I am hereby opening up the MGoWarehouse and donating all of our leftover, unused boxes of
patches to the good people in Black and Gold who managed to depart Ross-Ade Stadium after 3:30 p.m. yesterday without kicking a cat. Don't worry about stocks running low: there's about 90,000 left from the people who walked out of a one-score 2008 Michigan-Northwestern knowing the combination of a sleet monsoon and a mediocre Big Ten defense was too much for an offense made of broken down car parts, duct tape, and the guy in the front row eating fat free pretzels. It happens.
This was 2008 all over again, except it was happening to someone else. At least Danny Hope kind of deserves it.
As for our offense, I'll abide by ruling of the UFRs but my take on the game was that the containment of Rich Rod's Traveling Flag Football Stars and Spread Kings (for lack of a better barnstorming nickname) was about 10 percent Denard's increasingly worrisome accuracy issues (diary by papabear16), 45 percent whatever pissed off Poseidon, and 45 percent Ryan Kerrigan = Brandon Graham only maybe better at football.
Nuclear Disarmament Poll
My personal meme for Jonas Mouton has been to compare him to some sort of devastating yet unstable goblin weapon that is capable of causing unfair levels of damage to your opponent, but so long as he is on your side there is an almost equally likely chance that he will explode spectacularly on friendly targets. In video games and the like I have generally avoided such weapons, then become enraged when they're used against me to effectiveness.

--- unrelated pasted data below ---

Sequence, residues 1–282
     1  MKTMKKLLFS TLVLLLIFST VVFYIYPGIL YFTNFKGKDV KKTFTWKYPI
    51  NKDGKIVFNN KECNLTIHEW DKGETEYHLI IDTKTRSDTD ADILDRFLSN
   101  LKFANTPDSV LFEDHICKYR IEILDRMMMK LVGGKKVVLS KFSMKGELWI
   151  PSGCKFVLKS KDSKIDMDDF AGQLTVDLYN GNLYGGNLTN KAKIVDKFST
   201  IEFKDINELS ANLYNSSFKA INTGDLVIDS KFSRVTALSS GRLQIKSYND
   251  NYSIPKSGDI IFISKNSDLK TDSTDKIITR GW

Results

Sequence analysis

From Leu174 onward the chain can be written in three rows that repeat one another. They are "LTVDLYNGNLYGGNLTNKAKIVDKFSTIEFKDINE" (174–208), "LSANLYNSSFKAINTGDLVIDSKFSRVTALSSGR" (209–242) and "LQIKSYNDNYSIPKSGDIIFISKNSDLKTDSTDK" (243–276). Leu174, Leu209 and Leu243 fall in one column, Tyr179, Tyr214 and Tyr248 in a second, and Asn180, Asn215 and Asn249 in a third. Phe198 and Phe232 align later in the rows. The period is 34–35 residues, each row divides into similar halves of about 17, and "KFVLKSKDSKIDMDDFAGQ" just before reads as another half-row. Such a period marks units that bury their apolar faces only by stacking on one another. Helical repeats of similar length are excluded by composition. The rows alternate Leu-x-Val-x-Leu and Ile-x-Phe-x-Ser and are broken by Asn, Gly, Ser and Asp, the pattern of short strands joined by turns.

After seeing Mark Moundros trying to fill Mouton's spot for one game – a game by the way that featured the statistically best defensive performance of the year – I'm ready to go back to Weapon X. The UFR will know for sure, but the supposedly stable Moundros didn't really differentiate himself that much from Obi Ezeh on live watch. I'm interested to know what you folks think. Poll time:
Public Service Announcements
Before moving on to the others, a couple of
abuses of power public service announcements:
Last year I was very proud to see the visible level of MGoInvolvement in this annual charity event. Basically we go to two Detroit homeless shelters on Saturday, Dec. 4, and throw a Christmas party for the kids while the parents shop for gifts among donated items. We need volunteers and gift donations, and specifically I am casting about for a functional photo printer and a place that makes bagels who would like to donate bagels for 200 people, maybe plus cream cheese but I won't press that. One thing you can do is buy a gift on Amazon (which gives Brian credit) and have it sent to one of the parties.